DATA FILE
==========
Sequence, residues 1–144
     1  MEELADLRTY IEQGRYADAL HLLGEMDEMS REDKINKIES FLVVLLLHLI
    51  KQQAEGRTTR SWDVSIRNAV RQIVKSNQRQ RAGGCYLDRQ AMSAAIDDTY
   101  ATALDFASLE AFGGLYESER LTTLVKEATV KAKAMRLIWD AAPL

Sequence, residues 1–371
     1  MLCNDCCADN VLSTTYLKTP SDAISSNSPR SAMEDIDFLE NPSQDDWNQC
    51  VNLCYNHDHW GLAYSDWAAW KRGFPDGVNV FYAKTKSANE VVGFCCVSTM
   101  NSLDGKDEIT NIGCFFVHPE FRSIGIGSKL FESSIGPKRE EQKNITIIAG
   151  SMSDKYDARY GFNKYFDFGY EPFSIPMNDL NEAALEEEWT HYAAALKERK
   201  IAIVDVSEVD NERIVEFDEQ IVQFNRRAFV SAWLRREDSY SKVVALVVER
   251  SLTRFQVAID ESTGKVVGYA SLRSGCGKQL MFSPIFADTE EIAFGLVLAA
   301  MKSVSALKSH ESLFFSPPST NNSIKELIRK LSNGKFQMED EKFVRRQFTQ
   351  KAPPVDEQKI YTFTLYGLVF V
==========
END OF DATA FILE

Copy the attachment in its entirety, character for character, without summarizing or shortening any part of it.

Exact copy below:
Sequence, residues 1–144
     1  MEELADLRTY IEQGRYADAL HLLGEMDEMS REDKINKIES FLVVLLLHLI
    51  KQQAEGRTTR SWDVSIRNAV RQIVKSNQRQ RAGGCYLDRQ AMSAAIDDTY
   101  ATALDFASLE AFGGLYESER LTTLVKEATV KAKAMRLIWD AAPL

Sequence, residues 1–371
     1  MLCNDCCADN VLSTTYLKTP SDAISSNSPR SAMEDIDFLE NPSQDDWNQC
    51  VNLCYNHDHW GLAYSDWAAW KRGFPDGVNV FYAKTKSANE VVGFCCVSTM
   101  NSLDGKDEIT NIGCFFVHPE FRSIGIGSKL FESSIGPKRE EQKNITIIAG
   151  SMSDKYDARY GFNKYFDFGY EPFSIPMNDL NEAALEEEWT HYAAALKERK
   201  IAIVDVSEVD NERIVEFDEQ IVQFNRRAFV SAWLRREDSY SKVVALVVER
   251  SLTRFQVAID ESTGKVVGYA SLRSGCGKQL MFSPIFADTE EIAFGLVLAA
   301  MKSVSALKSH ESLFFSPPST NNSIKELIRK LSNGKFQMED EKFVRRQFTQ
   351  KAPPVDEQKI YTFTLYGLVF V